uses the X 509 certificate

7.  Security Considerations

   This section provides an overview of the basic security
   considerations which need to be taken into account before
   implementing the necessary security mechanisms.  The security
   considerations described throughout [RFC8446] and [RFC5246] apply
   here as well.

   For security considerations in a vehicular environment, the minimal
   use of any TLS extensions is recommended such as :

      The "client_certificate_type" [IANA value 19] extension who's
      purpose was previously described in [RFC7250].

      The "server_certificate_type" [IANA value 20] extension who's
      purpose was previously described in [RFC7250].

      The "SessionTicket" [IANA value 35] extension for session
      resumption.

      In addition, servers SHOULD not support renegotiation [RFC5746]
      which presented Man-In-The-Middle (MITM) type attacks over the
      past years for TLS 1.2.

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8.  Privacy Considerations

   For privacy considerations in a vehicular environment the use of IEEE
   1609.2/ETSI TS 103097 certificate is recommended for many reasons:

      In order to address the risk of a personal data leakage, messages
      exchanged for V2V communications are signed using IEEE 1609.2/ETSI
      TS 103097 pseudonym certificates

      The purpose of these certificates is to provide privacy relying on
      geographical and/or temporal validity criteria, and minimizing the
      exchange of private data

9.  IANA Considerations

   Existing IANA references have not been updated yet to point to this
   document.

10.  Acknowledgements

   The authors wish to thank Eric Rescola and Ilari Liusvaara for their
   feedback and suggestions on improving this document.  Thanks are due
   to Sean Turner for his valuable and detailed comments.  Special
   thanks to Jasja Tijink and Maik Seewald for their guidance and
   support of the draft.

11.  References

11.1.  Normative References

   [IEEE1609.2]
              "IEEE Standard for Wireless Access in Vehicular
              Environments - Security Services for Applications and
              Management Messages", 2016.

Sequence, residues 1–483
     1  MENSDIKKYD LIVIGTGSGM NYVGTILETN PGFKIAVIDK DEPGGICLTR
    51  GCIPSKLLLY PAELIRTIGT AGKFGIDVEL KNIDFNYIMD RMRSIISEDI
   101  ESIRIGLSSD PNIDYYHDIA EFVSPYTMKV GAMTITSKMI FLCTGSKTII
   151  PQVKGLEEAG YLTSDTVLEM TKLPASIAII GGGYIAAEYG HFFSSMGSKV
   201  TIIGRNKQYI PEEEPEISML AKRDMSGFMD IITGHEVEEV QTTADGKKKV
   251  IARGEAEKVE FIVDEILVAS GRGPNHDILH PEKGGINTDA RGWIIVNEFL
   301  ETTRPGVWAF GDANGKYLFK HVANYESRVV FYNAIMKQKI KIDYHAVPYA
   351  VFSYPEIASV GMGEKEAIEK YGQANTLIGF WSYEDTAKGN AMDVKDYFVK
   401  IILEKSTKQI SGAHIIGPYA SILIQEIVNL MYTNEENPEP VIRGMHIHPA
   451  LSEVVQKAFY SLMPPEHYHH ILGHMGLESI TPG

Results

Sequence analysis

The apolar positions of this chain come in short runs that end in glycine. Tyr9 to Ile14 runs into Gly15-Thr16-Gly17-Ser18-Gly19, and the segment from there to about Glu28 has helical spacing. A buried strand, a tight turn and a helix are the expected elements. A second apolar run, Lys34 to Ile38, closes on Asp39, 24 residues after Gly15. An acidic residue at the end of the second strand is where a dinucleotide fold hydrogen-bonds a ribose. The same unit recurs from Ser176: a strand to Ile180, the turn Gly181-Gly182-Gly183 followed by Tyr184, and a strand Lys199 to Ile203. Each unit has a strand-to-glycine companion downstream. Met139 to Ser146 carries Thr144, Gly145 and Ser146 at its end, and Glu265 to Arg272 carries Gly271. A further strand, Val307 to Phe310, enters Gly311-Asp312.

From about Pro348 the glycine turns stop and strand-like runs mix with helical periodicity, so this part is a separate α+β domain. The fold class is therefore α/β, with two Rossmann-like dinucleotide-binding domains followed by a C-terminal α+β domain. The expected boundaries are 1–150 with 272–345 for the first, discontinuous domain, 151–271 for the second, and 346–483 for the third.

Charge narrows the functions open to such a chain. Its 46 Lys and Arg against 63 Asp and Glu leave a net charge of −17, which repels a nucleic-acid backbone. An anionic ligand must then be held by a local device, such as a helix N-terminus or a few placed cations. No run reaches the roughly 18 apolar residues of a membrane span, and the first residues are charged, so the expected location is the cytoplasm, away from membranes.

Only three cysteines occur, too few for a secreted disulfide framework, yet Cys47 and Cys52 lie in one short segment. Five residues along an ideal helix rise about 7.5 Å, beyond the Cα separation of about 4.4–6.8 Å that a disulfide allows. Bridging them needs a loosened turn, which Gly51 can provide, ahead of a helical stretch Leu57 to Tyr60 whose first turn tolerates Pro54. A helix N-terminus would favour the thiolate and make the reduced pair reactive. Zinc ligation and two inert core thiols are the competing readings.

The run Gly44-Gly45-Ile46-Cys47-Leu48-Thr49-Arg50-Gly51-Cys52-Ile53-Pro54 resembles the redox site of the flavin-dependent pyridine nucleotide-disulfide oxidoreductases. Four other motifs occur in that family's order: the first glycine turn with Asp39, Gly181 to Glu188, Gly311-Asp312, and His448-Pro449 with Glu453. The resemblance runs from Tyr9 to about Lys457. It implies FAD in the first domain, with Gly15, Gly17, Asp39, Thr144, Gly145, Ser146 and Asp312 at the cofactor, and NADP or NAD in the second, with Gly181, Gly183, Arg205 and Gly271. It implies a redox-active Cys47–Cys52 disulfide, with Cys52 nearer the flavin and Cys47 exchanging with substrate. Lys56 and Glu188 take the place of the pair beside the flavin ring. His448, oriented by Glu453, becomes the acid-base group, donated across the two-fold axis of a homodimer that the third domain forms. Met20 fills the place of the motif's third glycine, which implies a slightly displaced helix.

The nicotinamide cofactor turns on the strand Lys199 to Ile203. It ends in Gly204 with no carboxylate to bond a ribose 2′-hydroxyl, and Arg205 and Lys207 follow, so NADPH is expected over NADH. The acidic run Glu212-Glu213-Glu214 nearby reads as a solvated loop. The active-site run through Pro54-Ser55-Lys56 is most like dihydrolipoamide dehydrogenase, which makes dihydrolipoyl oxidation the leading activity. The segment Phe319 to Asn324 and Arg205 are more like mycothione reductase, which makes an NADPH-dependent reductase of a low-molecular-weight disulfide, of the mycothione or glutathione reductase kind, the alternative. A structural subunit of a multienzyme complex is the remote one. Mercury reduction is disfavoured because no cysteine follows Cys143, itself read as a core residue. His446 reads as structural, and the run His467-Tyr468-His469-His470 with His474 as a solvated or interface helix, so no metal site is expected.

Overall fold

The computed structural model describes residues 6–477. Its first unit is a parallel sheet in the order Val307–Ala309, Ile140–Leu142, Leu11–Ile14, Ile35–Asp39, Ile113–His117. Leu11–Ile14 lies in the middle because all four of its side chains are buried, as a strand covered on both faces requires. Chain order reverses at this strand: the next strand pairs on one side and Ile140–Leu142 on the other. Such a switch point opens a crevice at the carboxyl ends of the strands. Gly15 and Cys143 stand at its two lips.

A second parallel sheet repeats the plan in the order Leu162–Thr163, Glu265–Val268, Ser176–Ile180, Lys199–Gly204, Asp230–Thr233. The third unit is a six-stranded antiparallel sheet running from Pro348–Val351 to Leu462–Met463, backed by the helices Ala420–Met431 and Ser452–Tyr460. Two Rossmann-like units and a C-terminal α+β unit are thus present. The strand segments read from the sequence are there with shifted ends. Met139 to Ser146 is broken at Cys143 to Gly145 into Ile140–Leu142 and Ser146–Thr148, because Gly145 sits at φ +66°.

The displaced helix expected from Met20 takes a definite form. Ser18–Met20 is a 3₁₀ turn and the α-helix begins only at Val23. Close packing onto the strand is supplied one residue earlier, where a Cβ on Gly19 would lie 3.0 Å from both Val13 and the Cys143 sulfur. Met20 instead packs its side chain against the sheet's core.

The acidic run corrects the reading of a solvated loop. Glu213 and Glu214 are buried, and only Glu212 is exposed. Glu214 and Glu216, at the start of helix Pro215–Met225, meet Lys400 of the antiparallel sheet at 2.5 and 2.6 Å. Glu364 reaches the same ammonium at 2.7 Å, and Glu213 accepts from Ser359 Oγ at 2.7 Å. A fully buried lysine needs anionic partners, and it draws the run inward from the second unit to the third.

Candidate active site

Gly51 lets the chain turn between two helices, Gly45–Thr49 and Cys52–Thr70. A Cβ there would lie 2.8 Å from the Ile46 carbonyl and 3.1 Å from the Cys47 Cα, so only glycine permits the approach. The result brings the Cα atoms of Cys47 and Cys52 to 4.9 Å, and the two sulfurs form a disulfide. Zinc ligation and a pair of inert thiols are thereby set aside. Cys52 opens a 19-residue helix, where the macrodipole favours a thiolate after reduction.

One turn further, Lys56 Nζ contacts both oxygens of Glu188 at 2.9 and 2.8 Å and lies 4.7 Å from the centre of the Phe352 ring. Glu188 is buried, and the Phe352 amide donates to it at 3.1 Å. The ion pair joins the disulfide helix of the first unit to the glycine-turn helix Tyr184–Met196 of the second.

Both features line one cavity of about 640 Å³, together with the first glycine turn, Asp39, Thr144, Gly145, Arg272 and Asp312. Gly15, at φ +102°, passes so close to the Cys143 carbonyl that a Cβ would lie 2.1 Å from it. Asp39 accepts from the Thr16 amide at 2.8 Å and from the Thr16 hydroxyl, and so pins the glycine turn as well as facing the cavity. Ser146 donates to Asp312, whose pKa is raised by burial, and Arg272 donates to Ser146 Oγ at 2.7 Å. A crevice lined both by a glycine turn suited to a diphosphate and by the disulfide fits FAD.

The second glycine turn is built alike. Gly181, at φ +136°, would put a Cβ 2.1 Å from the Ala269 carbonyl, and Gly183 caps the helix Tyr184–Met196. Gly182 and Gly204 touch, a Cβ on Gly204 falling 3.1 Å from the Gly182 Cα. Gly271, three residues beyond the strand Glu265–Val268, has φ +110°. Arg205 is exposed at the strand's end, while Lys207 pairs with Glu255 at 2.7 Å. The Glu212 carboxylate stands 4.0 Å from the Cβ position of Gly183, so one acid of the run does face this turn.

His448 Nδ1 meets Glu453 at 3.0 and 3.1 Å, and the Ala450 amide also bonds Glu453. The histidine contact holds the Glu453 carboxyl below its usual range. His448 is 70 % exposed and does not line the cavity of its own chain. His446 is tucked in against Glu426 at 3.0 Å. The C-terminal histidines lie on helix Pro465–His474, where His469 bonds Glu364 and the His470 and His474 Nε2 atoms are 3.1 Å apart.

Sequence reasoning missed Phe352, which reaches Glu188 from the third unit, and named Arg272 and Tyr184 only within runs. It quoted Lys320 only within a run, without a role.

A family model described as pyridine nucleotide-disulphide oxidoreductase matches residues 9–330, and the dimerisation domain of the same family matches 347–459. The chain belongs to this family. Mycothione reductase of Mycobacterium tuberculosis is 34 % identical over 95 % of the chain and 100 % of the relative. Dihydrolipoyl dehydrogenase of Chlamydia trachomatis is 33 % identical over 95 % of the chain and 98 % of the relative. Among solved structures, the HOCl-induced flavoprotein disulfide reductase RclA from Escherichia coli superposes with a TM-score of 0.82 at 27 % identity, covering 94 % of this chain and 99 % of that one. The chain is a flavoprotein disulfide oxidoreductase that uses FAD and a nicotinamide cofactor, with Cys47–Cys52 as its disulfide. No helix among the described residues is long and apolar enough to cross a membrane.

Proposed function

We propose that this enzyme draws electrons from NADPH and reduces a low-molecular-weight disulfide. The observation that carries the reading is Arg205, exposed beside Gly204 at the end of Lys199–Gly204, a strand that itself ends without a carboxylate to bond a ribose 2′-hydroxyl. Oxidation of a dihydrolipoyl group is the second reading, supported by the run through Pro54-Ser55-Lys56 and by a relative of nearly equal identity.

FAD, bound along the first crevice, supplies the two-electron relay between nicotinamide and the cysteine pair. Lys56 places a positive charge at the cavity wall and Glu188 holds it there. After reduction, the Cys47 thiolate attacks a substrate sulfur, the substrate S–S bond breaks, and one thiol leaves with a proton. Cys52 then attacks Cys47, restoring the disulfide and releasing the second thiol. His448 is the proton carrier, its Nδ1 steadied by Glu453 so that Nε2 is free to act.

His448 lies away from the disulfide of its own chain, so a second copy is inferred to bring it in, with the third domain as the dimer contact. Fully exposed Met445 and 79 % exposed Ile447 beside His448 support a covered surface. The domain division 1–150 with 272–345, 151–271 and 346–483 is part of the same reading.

[IEEE1609.2a]
              "Draft Standard for Wireless Access in Vehicular
              Environments Security Services for Applications and for
              Management Messages", 2017.

   [RFC2119]  Bradner, S., "Key words for use in RFCs to Indicate
              Requirement Levels", March 1997.

   [RFC4492]  Blake-Wilson, S., Bolyard, N., Gupta, V., Hawk, C., and B.
              Moeller, "Elliptic Curve Cryptography (ECC) Cipher Suites
              for Transport Layer Security (TLS)", May 2006.

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   [RFC5246]  Dierks, T. and E. Rescorla, "The Transport Layer Security
              (TLS) Protocol Version 1.2", August 2008.

   [RFC5746]  Rescorla, E., Ray, M., Dispensa, S., and N. Oskov,
              "Transport Layer Security (TLS) Renegotiation Indication
              Extension"", February 2010.

   [RFC6066]  Eastlake, D., "Transport Layer Security (TLS) Extensions:
              Extension Definitions", January 2011.

   [RFC7250]  Wouters, P., Tschofenig, H., Weiler, S., and T.  Kivinen,
              "Using Raw Public Keys in Transport Layer Security (TLS)
              and Datagram Transport Layer Security (DTLS)", June 2014.

   [RFC8446]  Rescorla, E., "The Transport Layer Security (TLS) Protocol
              Version 1.3", August 2018.

   [TS103097]
              "ETSI TS 103 097 : Intelligent Transport Systems (ITS);
              Security; Security header and certificate formats".

11.2.  Informative References

   [draft-serhrouchni-tls-certieee1609-00]
              KAISER, A., LABIOD, H., LONC, B., MSAHLI, M., and A.
              SERHROUCHNI, "Transport Layer Security (TLS)
              Authentication using ITS ETSI and IEEE certificates",
              august 2017.

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Appendix A.  Co-Authors

   o  Houda Labiod
      Telecom ParisTech
      houda.labiod@telecom-paristech.fr

   o  Nancy Cam-Winget
      CISCO, USA
      ncamwing@cisco.com

   o  Ahmed Serhrouchni
      Telecom ParisTech
      ahmed.serhrouchni@telecom-paristech.fr

   o  William Whyte
      Onboard Security
      wwhyte@onboardsecurity.com

Authors' Addresses

   Mounira Msahli (editor)
   Telecom ParisTech
   France

   EMail: mounira.msahli@telecom-paristech.fr

   Panos Kampanakis (editor)
   Cisco
   USA

   EMail: pkampana@cisco.com